If you are interested in buying pearl gouramis or already have them, I am going to reveal what kind of behavior you can expect from this fish. This will make it easier for you to decide if Pearl Gourami is the fish you want in your aquarium.
So how does Pearl Gourami behave? Are they aggressive or peaceful? On the whole, these are quite peaceful species that do well in groups. However, if the male to female ratio is too high, the male fish develop aggressive behavior. They then become difficult to handle.
I am going to elaborate more on the behavior of Pearl Gourami to make it easier for you to take care of these fish.
The behavior of Pearl Gourami
The body of Pearl Gourami is covered with an array of white spots. This coupled with large and delicate fins that it has makes it quite a beautiful fish. Therefore, it is only natural that aquarists would be attracted to it.
However aggressive behavior of one fish can put all the others in stress which can then lead to health concerns. Therefore, it is always a good idea to acquire more information about the typical behavior of any fish.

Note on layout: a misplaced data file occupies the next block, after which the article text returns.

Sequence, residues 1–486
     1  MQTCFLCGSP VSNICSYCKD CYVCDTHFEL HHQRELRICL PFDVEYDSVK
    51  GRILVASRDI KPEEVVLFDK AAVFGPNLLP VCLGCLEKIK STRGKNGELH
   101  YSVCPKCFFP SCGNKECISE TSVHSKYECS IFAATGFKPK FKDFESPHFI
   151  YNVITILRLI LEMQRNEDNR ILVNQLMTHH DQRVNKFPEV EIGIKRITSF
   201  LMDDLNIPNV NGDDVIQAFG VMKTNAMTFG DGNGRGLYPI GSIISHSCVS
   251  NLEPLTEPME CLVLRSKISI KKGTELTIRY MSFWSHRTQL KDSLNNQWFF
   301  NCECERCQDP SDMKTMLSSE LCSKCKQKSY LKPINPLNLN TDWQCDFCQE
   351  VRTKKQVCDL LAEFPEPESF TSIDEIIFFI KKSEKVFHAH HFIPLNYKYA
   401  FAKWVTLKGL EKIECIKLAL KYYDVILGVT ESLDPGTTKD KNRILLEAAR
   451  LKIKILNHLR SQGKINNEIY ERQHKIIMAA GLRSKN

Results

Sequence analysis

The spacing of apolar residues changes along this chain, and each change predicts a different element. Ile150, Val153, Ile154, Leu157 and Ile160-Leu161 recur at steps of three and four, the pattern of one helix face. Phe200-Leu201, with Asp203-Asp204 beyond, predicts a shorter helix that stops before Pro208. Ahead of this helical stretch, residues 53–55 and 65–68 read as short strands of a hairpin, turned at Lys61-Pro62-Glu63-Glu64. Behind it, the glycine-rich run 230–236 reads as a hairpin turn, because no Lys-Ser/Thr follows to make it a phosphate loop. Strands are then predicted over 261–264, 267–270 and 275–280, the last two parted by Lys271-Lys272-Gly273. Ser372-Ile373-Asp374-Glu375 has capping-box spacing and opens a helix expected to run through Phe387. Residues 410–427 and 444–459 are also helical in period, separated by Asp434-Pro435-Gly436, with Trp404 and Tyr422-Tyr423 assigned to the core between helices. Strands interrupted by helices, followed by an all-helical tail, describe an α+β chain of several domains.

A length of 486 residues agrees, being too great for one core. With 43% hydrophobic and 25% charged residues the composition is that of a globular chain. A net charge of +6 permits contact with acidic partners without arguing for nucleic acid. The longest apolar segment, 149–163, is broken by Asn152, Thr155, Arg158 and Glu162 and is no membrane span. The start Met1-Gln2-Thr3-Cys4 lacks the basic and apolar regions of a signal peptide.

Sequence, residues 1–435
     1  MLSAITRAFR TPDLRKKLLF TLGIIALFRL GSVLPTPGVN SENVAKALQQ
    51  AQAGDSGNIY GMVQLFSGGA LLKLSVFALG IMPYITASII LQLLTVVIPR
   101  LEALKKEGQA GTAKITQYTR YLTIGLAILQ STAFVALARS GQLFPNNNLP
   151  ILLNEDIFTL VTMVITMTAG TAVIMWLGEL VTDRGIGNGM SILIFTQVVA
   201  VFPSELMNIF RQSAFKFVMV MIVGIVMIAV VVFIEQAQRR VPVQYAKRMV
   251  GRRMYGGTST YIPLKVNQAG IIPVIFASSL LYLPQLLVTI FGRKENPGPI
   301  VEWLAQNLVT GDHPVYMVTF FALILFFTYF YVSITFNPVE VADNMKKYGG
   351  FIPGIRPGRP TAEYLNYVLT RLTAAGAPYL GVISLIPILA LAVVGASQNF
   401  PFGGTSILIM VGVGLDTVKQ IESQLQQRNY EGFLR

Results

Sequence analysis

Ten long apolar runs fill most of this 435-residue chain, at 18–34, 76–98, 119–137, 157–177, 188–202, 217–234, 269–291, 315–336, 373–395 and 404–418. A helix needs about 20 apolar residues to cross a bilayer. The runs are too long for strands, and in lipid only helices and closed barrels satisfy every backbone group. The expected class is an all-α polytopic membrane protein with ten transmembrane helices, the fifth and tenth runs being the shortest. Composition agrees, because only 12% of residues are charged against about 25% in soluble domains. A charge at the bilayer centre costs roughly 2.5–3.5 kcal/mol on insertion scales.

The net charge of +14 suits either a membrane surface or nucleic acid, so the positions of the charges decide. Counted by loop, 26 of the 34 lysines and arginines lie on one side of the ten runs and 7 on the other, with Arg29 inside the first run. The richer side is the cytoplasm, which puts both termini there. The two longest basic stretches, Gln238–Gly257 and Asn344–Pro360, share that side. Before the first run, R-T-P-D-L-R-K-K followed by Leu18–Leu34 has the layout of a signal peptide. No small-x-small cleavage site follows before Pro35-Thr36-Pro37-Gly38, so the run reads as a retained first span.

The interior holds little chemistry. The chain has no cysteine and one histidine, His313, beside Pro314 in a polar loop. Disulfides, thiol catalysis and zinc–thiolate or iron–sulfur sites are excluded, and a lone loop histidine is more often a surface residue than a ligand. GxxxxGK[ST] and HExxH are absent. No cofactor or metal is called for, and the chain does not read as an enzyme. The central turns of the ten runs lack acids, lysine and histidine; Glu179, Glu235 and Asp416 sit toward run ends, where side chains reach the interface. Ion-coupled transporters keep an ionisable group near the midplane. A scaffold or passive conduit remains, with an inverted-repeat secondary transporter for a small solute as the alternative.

How does Pearl Gourami typically behave?
The behavior of Pearl Gourami depends on the environment they are in and their tank mates. Pearl Gourami fish tend to spend most of their time swimming in the upper or mid-levels of the tank. Sometimes, they head to the surface for oxygen.
While mostly they are peaceful species who do not become bothersome for other tank mates; they do exhibit aggressive behavior in some conditions like:
- These fish become quite aggressive during spawning
- Male Pearl Gourami becomes aggressive when it has competition for the attention of the female
Prevention of aggressive behavior
Pearl Gourami fish thrive optimally when they are together in a group of four or more. This is because they are social animals. Therefore, it is not advisable to opt for one or two of these fish in fear of aggression.
Instead, you need to make sure that the male to female ratio is appropriately maintained. There should be one Pearl Gourami for 2 or three females in the tank. This minimizes the risk of aggressive behavior to a large extent.